Carolina Panthers

With numbers crunched, Panthers' remaining targets easy to predict

CHARLOTTE -- The Panthers still have a load of offseason work to do, but at some spots, what you see is what they'll take to Spartanburg.

The Panthers have filled 61 of their allowed 80 offseason roster spots. Without roster-exempt NFL Europe allocations to fill out the practice lines, they'll have to tighten up from what they've typically taken to training camp, meaning some of the positions on the depth chart are already filled.

They can bring in a few extra players for minicamp and coaching sessions, since draft picks can practice then but don't count against the roster limit until they sign. That would allow them up to 88 players in May and June if they keep all their current picks.

With what's left, it's easy to see what the remaining signings will entail.

They currently have just nine offensive linemen and seven defensive linemen under contract. They usually take at least 15 and 14, respectively, to camp, so they can run three separate lines of big guys through practice drills.

Reaching those quotas would take 13 of the available 19 spots on the final 80-man, making the other additions scarce. Figure another quarterback, another running back, another tight end and scattering the other spots with an extra tight end/fullback and defensive backs, and that's it.

As trifling as it sounds, the additional bodies they were able to bring to camp with the NFL Europe exemptions were helpful, especially for receivers and defensive backs, since they're the guys doing the most running under the summer sun. But they're sitting on 10 of each now, and there isn't going to be enough room for many more additions, particularly at the talented and deep wideout position.

There's been some talk around the league that the owners might discuss relaxing the offseason limit to offset the lost NFL Europe bodies, but that would require them paying extra guys -- making it no sure thing.

• GOOD FAITH GESTURE: According to those in the room, tackle Jordan Gross was among the majority of the team that showed up last week for the beginning of offseason workouts.

But he didn't sign his franchise tender until Thursday, meaning he was taking a degree of risk by lifting and running with his teammates. The one-year, $7.455 million deal became guaranteed with his signature, but could have been rescinded at any point before then.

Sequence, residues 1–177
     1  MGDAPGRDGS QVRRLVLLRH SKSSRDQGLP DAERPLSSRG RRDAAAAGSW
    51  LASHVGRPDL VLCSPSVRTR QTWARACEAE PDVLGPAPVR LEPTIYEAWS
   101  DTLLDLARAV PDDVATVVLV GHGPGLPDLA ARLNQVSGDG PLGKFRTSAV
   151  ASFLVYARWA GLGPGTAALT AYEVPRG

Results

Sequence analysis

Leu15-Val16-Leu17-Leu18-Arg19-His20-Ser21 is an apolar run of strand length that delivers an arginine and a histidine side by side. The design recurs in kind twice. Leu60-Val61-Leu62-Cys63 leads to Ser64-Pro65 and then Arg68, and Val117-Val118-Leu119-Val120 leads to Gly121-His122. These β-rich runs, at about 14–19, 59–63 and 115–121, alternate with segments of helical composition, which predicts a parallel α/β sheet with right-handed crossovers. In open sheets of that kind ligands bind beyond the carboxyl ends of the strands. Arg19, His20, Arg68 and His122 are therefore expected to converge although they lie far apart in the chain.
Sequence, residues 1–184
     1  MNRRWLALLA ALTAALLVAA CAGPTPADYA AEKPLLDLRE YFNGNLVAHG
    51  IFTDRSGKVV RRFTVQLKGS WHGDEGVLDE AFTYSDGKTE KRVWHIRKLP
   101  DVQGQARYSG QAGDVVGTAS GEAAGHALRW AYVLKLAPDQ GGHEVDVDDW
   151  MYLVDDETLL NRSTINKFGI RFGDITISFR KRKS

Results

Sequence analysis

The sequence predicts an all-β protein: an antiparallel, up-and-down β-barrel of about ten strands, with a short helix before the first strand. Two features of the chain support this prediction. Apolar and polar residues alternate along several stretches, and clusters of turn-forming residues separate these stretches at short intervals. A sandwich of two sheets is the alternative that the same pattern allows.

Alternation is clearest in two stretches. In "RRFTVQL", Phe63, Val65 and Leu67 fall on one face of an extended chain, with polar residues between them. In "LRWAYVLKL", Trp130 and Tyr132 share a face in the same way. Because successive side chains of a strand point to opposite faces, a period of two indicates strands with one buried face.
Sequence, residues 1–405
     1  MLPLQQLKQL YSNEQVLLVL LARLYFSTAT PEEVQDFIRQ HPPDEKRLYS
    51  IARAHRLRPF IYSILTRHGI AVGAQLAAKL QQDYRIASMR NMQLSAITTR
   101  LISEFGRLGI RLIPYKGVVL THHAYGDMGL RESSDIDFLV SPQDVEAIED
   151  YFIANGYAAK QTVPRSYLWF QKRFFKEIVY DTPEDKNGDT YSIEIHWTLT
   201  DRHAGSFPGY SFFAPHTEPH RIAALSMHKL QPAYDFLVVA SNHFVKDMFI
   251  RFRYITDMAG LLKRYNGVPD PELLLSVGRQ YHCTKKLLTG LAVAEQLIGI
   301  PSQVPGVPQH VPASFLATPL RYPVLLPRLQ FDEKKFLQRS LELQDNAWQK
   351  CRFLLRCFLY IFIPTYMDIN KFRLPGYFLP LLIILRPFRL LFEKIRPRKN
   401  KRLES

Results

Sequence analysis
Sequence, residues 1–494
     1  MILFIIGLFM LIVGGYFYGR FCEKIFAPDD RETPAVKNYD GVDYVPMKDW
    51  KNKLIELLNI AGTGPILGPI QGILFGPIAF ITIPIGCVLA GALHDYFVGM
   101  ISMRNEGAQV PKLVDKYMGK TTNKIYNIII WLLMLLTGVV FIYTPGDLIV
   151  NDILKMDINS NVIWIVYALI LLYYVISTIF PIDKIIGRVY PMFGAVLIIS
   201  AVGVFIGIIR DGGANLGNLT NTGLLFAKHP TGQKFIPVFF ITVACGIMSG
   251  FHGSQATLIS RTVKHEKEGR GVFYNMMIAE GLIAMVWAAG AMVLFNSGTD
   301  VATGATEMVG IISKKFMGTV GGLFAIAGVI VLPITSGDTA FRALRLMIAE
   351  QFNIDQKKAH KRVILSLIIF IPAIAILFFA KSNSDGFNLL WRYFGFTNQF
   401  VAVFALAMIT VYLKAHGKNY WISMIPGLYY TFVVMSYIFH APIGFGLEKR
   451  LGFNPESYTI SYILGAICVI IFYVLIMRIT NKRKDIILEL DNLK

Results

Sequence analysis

Hypothetically speaking, if he had gotten himself hurt before signing the contract, the Panthers could have stuck it in a shredder and pretended it never existed.

They likely wouldn't, since he's a valued veteran and a guy they want to keep long term. But if you're tallying up points for classy moves, put a few up for Gross for doing something he didn't have to, for the sake of trying to lend leadership to an offensive line in flux.

• DT HELP STILL AVAILABLE: Figure the Panthers to sign a veteran defensive tackle or two before the draft, and there are actually a decent number of qualified applicants available.

They've had Darwin Walker and Ian Scott in for visits, and they're both still available. So is Rod Coleman, who came here early, but it doesn't sound like he's physically ready to play.

Other able veterans still on the market include Larry Triplett, Grady Jackson, Sam Adams, Ted Washington and Keith Traylor, even though some of those guys won't be in shape to play for a few months. As thin as some spots are in free agency, there's a good handful of guys who can play.

• NUMEROLOGY: Times change, and so does the roster. It's still going look strange next year when the Panthers take the field and number 55 is Donte Curry, and not Dan Morgan.

That's just one of the jersey changes this offseason, as the new guys and incumbents pick through the discarded numbers for a new identity.

The 75 vacated by center Justin Hartwig now belongs to defensive end Stanley McClover (who gave up 74). Mike Wahle's 68 will now be worn by guard Keydrick Vincent. The old 18 of Drew Carter now belongs to D.J. Hackett (with the hopes he can do more than run straight downfield, and catch the ball occasionally).

Since the Panthers were out of 50s, new linebacker Landon Johnson took the 94 vacated by defensive tackle Kindal Moorehead. Running back LaBrandon Toefield slid into safety Nate Salley's old 33, since Salley had chosen to take 25 earlier. Center Ryan Kalil switched to his college number 67, from last year's 65.

Nobody had a bigger bump than tight end Jeff King, who surrendered 87 to Muhsin Muhammad, and dropped into 47. At least King got paid (an undisclosed amount) for the move.

• EXTRA POINTS: The addition of Hackett last week is going to make for some interesting game-day decisions on who's active. They usually carry four receivers into each game, and assuming Steve Smith, Hackett and Muhammad are up, there's one spot left for Dwayne Jarrett, Ryne Robinson and the rest of a solid group. That they brought in a cornerback who can return kicks (Ricardo Colclough) could mean the fourth wideout doesn't have to be a special teams exclusive player. That helps, but it's still going to be a weekly drama if everyone stays healthy.

As it stands today, the Panthers have filled 61 of the 80 roster spots they'll be allowed to take to training camp. Numbers dictate that certain positions are close to filled, if not closed. A look at how many they've got at each spot:

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